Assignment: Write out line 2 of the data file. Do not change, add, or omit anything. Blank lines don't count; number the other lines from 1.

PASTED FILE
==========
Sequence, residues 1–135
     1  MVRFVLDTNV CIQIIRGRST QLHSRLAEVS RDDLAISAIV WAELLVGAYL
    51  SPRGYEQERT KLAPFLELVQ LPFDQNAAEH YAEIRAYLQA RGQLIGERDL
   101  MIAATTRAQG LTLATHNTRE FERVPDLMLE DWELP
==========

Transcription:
     1  MVRFVLDTNV CIQIIRGRST QLHSRLAEVS RDDLAISAIV WAELLVGAYL